Laboratory examinations

The complete blood count with differential was normal. Comprehensive metabolic panel was normal. Erythrocyte sedimentation rate, C-Reactive Protein, Anti-SCL, Rheumatoid Factor, and antinuclear antibody were all within normal limits. Her Serum ACE level was also within normal limits with a value of 53 U/L (normal 9-67 U/L). While chest radiograph was normal, chest computed tomography revealed mild mediastinal lymphadenopathy.

FINAL DIAGNOSIS

Based on the histopathological findings of the cutaneous nodules and the computed tomography finding of mediastinal lymphadenopathy, a diagnosis of subcutaneous sarcoidosis was made.

TREATMENT

Patient was advised on various treatment options and chose to have the lesions surgically excised by a plastic surgeon.

OUTCOME AND FOLLOW-UP

Needle biopsy and post-excisional pathology report both revealed the presence of well-formed, dense, non-caseating granulomas located in the subcutaneous tissue. There was no evidence of organisms with Acid-Fast and Grocott’s Methamine Silver staining.

Among the articles selected for this literature review, 4 were hospital based retrospective chart reviews.

DISCUSSION

The largest study was conducted by Ahmed et al[14] in 2006 out of the Mayo Clinic[14]. The authors reviewed all cases filed under the diagnosis of sarcoidosis, nonspecific granulomas and granulomatous panniculitis between 1966-2001. Ultimately 21 cases of subcutaneous sarcoidosis were reviewed. Among the 21 patients diagnosed with subcutaneous sarcoidosis, 15 were female and 6 were male. The mean age was 46.3. In 20/21 patients, lesions were located on more than one anatomical site. The most common anatomical site was the upper extremity with all 21 patients presenting with a lesion in this area. Lower extremity lesions were also common as they were found in 16/21 patients. In 15/21 patients, other types of cutaneous lesions of sarcoidosis co-existed with the subcutaneous lesion with plaques presenting in 6 patients, papules in 4 patient, erythema nodosum in 4 patients, and scar sarcoidosis in 1 patient. Out of the 20 patients who were evaluated for systemic involvement, 16 had pulmonic involvement evidenced by an abnormal chest radiograph. 15/16 patients exhibited bilateral hilar lymphadenopathy, with 6 of these cases exhibiting an additional finding of paratracheal and pulmonary infiltrates. The most common systemic involvements, other than the lung, included arthritis, peripheral neuropathy and renal dysfunction. Out of the 11 patients tested for Serum ACE, 3 patients had elevated levels.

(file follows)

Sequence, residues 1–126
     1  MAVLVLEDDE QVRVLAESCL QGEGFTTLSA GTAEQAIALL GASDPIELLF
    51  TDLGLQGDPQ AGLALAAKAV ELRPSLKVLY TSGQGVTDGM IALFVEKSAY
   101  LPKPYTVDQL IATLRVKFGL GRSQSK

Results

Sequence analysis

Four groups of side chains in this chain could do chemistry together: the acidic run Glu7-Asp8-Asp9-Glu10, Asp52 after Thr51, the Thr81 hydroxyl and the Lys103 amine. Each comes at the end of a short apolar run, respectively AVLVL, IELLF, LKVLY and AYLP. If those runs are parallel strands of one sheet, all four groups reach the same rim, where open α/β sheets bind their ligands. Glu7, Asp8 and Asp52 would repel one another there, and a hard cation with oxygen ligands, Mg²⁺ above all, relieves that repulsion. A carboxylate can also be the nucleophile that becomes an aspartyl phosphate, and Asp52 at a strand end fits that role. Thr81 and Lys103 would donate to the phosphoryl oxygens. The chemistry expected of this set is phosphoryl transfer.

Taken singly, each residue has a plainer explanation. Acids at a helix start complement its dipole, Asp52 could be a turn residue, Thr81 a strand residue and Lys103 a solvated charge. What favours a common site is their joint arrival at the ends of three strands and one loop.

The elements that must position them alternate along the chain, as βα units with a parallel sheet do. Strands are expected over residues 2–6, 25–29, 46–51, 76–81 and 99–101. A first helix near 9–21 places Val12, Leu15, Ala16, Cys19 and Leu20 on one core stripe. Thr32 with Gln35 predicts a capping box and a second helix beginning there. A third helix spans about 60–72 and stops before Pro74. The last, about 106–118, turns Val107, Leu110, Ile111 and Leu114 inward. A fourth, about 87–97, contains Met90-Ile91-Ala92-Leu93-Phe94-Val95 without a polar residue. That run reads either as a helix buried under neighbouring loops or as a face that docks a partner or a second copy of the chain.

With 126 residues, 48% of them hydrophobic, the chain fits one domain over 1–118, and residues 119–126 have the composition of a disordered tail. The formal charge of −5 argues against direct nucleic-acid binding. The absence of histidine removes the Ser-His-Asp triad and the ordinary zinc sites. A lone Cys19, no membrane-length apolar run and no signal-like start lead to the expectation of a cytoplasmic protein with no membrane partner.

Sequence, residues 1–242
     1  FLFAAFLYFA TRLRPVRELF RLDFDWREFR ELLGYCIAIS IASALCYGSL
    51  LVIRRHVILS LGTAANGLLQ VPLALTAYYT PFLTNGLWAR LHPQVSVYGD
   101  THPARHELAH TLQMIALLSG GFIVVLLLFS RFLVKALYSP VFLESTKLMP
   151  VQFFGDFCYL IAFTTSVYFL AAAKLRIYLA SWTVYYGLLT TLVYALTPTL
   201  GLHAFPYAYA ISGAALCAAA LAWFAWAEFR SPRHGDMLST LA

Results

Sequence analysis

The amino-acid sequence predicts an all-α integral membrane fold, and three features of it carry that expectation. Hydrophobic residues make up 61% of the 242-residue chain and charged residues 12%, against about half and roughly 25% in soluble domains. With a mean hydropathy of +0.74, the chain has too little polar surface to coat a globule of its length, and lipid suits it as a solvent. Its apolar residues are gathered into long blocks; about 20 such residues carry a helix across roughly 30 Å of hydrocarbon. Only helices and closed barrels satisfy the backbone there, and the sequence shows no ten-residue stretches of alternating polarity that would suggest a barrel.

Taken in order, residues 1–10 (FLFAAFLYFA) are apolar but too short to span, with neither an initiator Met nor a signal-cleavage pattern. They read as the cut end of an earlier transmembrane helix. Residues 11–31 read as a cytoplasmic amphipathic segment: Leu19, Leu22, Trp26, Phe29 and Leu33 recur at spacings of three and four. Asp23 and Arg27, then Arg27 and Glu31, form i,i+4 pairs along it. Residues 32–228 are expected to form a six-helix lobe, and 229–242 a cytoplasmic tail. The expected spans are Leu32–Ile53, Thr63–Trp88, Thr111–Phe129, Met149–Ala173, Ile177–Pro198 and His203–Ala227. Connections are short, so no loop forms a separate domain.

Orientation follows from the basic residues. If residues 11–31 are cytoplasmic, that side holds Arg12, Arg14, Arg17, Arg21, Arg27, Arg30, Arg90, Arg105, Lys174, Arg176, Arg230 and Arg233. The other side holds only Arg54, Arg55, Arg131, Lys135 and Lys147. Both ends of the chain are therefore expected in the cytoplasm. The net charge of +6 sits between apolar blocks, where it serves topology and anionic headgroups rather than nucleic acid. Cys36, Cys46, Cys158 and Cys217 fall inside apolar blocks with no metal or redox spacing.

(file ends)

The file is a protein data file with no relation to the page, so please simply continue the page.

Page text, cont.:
In 2016, Ando et al[15] reviewed the charts of 130 patients diagnosed with systemic sarcoidosis between 2000-2012 out of Oita University of Japan medical center. 37/130 patients presented with cutaneous sarcoid lesions with 9/37 presenting with subcutaneous sarcoidosis. Among their cohort were 8 female patients and 1 male patient with an average age of 52.5 years. Six of the patients only had lesions on their lower extremities. The other 3 patients had lesions on their upper extremity and trunk, upper and lower extremities, and hip respectively. Two patients presented with sarcoid plaques and scars in addition to their subcutaneous nodules. All 9 patients were found to have lung involvement with 4 of these patients presenting with an additional involvement of their eyes, and 3 patients with an involvement of their muscles. On chest radiograph 3 patients had lymphadenopathy, and 6 patients had lymphadenopathy with pulmonary infiltrates.

In 2005, Marcoval et al[7] conducted a retrospective chart review analyzing 480 patients admitted with systemic sarcoidosis from 1974-2002 at the University Hospital of Bellvitge in Barcelona, Spain. A total of 85/480 patients demonstrated sarcoid cutaneous involvement with 10/85 demonstrating subcutaneous sarcoidosis. 9/10 of the patients were female, and the average age of presentation was 52.6 years. All of the patients presented with nodules on their upper extremities with 5 patients presenting with additional nodules on their lower extremities. In addition to subcutaneous nodules, 4 patients presented with erythema nodosum, and 1 patient presented with sarcoid plaques and papules. 8 patients presented with lymphade-nopathy on chest radiograph, and 1 patient presented with lymphadenopathy and pulmonary infiltrate.

In 2011 the same lead author, Marcoval et al[3], conducted a similar retrospective chart review analyzing 86 patients with systemic sarcoidosis who presented with cutaneous involvement to the Sarcoid Clinic of Bellvitge University Hospital in Barcelona, Spain. A total of 14/86 patients presented with subcutaneous nodules. Among the 14 patients, 11 were female and 3 were male. All 14 patients had nodules limited to the upper and lower extremities with 6 patients presenting with lesions on their arms, 1 patient presenting with lesions on their legs, and 7 patients presenting with lesions on both their upper and lower extremities. 13/14 patients were found to have abnormal chest radiograph findings with 11 patients exhibiting hilar lymphadenopathy, and 2 exhibiting hilar lymphadenopathy and lung infiltrate. Among the 14 patients, 12 had systemic involvement with arthritis being the most common presentation in 6 of the patients (Table 1).

Table 1 Subcutaneous sarcoidosis retrospective chart reviews.
AuthorsSexAverage ageSerum angiotensin-converting enzymeChest X-rayMost common site of lesionMost common site of systemic involvement other than the lungs